rediscover polish scouting!
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REDISCOVER POLISH SCOUTING!
About Polish scouting
The Jamboree Dream
Lech Wasa (born 29 September 1943) is a Polish politician, trade-union organizer and human-rights activist. A charismatic leader, he co-founded Solidarity (Solidarno), the Soviet blocs first independent trade union, won the Nobel Peace Prize in 1983, and served as President of Poland from 1990 to 1995. Honorary Protector of the Polish Scouting and Guiding Association.
LOOK INTO THE FUTURE WITH HOPE! A LETTER FROM LECH WASA
The work that international Scout and Guide community carry out cannot be overestimated, especially when we are faced with many new challenges. We are currently witnessing the change of eras, the world is becoming more and more fast-paced, while we have to do all we can not to overlook the good of man and the most precious values. In many a place, Scouting re-mains the mainstay of such values, as well as of the concern for others. For years I have been proclaiming that the new Europe and the world should build on a set of agreed universal values. It is on these values that we need to establish all programmes and structures which will shape the world as safe, prosperous and friendly.
The Scouting community has been and must remain the place of the education of human conscience; the individual who will want and will know how to help others, an individual who will always be in solidarity with others. When working with young people, remember that it is through fun and education that we have to pre-pare them for their adulthood and a responsible life. Today, the main socio-economic problem in the world, particularly affecting young peo-ple, is the lack of jobs, and resulting from that, lack of opportunities, hope, and prospects. It is a great task to prepare young people to cope with these challenges, to teach them how to discov-er their own talents, grow their potential, and develop creativity and entrepreneurship. We need to educate young people to be resourceful, open-minded, and community-oriented. Sever-al years ago in Argentina, Spain, and recently in Greece, mainly young unemployed people were protesting. We must do everything in or-der to prevent them from going out into streets in search of hope. We must do everything to provide them with job opportunities which are the basis of stability, security, and development. We must do it for every individual and civiliza-tion as a whole. No one can be left as disadvan-taged....
For years your mission has been yielding beau-tiful fruit. I believe that you will not cease in your effort to contribute to the promotion of global solidarity across boundaries and borders. Seek common values for peoples and nations, which can become a solid reference point for our civilization. Do it with passion, openness, truthfulness, and dialoguing.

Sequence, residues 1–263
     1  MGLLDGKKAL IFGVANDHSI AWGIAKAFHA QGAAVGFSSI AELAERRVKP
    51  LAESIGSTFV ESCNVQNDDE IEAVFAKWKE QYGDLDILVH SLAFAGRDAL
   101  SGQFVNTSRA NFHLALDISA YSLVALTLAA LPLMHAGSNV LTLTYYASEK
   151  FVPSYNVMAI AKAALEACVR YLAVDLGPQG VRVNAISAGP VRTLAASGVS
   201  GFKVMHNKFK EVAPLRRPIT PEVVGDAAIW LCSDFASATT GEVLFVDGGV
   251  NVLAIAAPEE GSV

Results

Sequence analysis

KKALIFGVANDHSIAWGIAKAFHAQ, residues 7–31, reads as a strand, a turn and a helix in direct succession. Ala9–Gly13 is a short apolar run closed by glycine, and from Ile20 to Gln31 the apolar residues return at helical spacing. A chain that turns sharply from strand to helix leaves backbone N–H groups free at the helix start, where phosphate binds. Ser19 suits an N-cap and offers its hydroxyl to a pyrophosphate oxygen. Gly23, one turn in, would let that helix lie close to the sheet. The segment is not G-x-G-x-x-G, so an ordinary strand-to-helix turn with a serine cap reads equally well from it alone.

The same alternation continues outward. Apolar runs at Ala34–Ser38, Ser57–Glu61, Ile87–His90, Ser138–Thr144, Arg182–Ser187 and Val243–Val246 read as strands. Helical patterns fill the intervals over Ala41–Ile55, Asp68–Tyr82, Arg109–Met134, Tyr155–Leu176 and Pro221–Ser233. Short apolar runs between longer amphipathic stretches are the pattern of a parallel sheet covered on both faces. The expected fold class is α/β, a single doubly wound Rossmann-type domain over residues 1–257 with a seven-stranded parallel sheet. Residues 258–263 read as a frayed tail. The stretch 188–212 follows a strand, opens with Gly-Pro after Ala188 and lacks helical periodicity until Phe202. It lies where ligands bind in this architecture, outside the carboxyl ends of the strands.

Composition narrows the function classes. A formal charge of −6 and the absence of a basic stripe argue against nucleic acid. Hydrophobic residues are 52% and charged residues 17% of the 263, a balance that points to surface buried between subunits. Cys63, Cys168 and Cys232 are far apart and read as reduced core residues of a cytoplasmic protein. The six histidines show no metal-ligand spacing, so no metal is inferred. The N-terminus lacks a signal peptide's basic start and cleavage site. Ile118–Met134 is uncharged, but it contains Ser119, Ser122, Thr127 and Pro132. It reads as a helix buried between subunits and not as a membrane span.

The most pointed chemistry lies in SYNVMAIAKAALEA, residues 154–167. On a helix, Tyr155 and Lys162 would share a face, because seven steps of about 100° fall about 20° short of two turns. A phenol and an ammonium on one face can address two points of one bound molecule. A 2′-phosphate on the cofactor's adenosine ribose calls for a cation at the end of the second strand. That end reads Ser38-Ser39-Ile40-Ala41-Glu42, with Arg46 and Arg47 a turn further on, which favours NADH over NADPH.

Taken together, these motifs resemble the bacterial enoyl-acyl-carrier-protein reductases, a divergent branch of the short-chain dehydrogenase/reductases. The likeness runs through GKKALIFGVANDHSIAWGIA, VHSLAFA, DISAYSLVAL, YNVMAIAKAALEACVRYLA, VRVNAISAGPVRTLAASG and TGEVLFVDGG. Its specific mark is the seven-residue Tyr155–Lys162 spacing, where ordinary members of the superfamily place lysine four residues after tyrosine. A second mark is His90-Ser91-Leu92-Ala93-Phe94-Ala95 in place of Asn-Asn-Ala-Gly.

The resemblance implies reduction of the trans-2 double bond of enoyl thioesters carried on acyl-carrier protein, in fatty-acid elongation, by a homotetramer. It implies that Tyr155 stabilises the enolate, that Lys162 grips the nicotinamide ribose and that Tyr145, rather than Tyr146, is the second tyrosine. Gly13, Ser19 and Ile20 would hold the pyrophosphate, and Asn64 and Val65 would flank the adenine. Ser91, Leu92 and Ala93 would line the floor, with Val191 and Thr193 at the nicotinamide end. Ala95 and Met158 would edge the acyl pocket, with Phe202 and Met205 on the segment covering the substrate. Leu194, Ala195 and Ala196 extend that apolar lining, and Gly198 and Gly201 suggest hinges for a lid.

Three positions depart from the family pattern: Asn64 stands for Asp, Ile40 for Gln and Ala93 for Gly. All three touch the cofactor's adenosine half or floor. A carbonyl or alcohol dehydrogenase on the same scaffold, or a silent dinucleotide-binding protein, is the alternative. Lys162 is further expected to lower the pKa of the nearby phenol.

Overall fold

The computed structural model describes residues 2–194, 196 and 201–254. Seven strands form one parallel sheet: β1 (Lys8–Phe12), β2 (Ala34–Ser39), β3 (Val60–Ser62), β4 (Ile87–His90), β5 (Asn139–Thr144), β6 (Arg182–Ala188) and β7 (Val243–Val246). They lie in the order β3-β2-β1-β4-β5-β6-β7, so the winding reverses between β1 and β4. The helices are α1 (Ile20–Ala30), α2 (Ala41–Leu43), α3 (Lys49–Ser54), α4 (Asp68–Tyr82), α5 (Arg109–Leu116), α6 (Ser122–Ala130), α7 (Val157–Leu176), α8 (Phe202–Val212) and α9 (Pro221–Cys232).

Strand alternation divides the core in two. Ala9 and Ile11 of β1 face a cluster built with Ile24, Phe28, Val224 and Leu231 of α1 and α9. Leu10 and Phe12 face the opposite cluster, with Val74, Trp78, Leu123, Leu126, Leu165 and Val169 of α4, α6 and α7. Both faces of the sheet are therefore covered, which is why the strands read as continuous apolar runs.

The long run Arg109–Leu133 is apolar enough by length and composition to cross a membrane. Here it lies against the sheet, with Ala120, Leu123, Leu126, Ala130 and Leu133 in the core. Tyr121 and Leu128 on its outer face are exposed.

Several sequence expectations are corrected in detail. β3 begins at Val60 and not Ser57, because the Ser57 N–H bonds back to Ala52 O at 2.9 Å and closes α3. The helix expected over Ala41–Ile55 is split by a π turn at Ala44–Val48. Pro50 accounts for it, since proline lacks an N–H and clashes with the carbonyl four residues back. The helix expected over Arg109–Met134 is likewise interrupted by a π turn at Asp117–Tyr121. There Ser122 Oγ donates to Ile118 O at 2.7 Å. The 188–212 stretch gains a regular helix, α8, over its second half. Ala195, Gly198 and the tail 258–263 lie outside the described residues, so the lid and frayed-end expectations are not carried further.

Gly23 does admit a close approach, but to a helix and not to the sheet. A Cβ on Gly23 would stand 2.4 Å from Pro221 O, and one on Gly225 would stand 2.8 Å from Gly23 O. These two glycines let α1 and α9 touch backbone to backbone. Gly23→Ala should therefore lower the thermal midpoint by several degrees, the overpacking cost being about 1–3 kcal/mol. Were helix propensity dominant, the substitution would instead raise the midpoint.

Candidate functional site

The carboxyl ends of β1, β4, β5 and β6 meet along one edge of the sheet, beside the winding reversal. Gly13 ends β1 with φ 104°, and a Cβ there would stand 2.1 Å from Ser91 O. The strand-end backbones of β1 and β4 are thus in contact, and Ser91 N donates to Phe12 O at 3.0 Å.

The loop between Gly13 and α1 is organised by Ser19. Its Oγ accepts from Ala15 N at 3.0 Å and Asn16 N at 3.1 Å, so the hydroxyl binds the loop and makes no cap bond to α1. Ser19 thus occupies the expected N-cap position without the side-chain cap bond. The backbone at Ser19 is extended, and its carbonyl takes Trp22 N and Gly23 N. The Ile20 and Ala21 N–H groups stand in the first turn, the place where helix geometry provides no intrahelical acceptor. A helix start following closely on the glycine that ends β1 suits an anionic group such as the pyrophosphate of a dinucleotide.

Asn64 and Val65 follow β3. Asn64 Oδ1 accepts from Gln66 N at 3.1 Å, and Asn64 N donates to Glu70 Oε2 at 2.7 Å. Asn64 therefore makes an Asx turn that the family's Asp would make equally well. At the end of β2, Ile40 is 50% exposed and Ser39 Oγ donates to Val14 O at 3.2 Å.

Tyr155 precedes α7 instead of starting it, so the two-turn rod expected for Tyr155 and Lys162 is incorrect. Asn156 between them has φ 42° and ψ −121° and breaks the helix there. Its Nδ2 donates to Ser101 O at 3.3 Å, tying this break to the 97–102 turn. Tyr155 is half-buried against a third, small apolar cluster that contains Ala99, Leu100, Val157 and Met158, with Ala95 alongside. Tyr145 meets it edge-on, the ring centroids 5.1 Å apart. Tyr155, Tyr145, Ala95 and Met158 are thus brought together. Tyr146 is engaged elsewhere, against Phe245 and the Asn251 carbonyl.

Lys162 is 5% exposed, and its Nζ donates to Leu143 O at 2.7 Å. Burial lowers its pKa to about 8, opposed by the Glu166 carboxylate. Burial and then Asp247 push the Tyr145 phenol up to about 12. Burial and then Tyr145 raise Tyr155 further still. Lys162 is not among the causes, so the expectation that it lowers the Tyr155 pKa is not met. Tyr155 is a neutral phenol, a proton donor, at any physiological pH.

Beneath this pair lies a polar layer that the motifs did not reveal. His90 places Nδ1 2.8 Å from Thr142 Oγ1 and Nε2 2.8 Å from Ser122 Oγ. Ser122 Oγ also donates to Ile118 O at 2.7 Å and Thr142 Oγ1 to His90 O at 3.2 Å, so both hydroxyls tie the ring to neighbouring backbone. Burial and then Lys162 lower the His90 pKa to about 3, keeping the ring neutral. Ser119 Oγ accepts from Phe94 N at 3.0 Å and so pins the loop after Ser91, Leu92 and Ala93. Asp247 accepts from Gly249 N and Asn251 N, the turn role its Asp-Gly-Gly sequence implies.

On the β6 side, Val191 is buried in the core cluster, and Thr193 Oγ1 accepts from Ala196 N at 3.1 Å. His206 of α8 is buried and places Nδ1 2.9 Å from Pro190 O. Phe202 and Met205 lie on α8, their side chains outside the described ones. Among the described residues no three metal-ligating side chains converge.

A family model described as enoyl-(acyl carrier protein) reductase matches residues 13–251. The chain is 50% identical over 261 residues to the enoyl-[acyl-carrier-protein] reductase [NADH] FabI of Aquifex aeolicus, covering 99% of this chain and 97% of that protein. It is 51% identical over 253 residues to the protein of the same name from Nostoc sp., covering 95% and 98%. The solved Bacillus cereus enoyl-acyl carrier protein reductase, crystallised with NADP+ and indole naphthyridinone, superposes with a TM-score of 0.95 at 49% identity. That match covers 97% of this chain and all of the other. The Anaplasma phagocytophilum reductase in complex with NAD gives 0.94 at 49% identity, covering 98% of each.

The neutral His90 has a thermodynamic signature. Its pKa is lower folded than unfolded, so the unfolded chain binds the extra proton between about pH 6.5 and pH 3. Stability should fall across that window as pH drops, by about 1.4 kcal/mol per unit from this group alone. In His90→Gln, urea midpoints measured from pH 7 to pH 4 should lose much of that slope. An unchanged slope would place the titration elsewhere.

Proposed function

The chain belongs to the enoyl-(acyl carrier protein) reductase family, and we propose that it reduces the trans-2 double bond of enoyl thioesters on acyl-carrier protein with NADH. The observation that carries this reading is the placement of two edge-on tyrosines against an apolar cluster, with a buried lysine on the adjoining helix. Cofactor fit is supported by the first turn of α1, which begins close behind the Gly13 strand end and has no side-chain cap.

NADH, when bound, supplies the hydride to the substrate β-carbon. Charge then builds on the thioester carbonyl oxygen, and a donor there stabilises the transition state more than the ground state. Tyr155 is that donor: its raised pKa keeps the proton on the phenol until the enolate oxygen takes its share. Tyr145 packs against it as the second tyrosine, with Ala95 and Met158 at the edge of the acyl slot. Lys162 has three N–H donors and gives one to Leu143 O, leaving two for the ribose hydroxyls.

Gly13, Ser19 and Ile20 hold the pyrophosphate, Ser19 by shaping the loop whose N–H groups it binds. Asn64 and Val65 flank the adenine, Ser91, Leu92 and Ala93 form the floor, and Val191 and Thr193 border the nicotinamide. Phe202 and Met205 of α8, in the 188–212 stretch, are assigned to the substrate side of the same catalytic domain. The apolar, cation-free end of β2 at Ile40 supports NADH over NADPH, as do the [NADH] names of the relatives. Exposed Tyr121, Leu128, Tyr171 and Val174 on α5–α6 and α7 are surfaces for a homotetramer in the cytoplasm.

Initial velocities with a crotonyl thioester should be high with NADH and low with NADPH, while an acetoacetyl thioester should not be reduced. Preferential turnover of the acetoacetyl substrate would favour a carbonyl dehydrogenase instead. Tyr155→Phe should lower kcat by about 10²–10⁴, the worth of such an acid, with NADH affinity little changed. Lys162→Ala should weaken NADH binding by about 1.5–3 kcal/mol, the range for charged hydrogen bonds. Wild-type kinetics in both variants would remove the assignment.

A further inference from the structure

Even though I may no longer be an active poli-tician, you are bound to come across me when searching for new solutions. This discussion should be open to everyone, on every level, be it locally, nationally, or internationally. The dis-cussion should be carried out by all citizens: representing local, national, and international governments. This planning of the future world should bring together representatives of educa-tional organizations, such as WOSM and WAG-GGS. It is the task we all have to accomplish, which is not easy...
I deeply believe that we can work out a solution that will satisfy not only us, but will also pro-vide a response to contemporary problems. I hope that more and more people are able to rise above divisions, avoiding conflicts, wars, and civilizational dangers. Once again the world needs solidarity and shared responsibility. The Scouting movement has the advantage of hav-ing for long spoken of peace, cooperation, and action for the common good, it works globally and understands the concept of a global com-munity and cooperation. Of major importance is also the fact that when supporting the coop-eration of Scouting organizations, you do not only focus on the international level, but also nationally. Stemming from different circles, the organizations have often been shaped in dif-ferent traditions. Thus the cooperation should consist in getting to know one another and the skill to face the shared challenges within the world Scouting family. I am deeply confident that such an example of solidarity cooperation will additionally yield a great interest in the Scouting idea, and will eventually increase the number of young people grouped in packs and troops.
I encourage all the Participants of this years World Scout Conference to take part in an open discussion and to make an attempt to develop action strategies for the years to come, so that we reach the best solutions in the spirit of solidarity and community, looking into the future with much hope.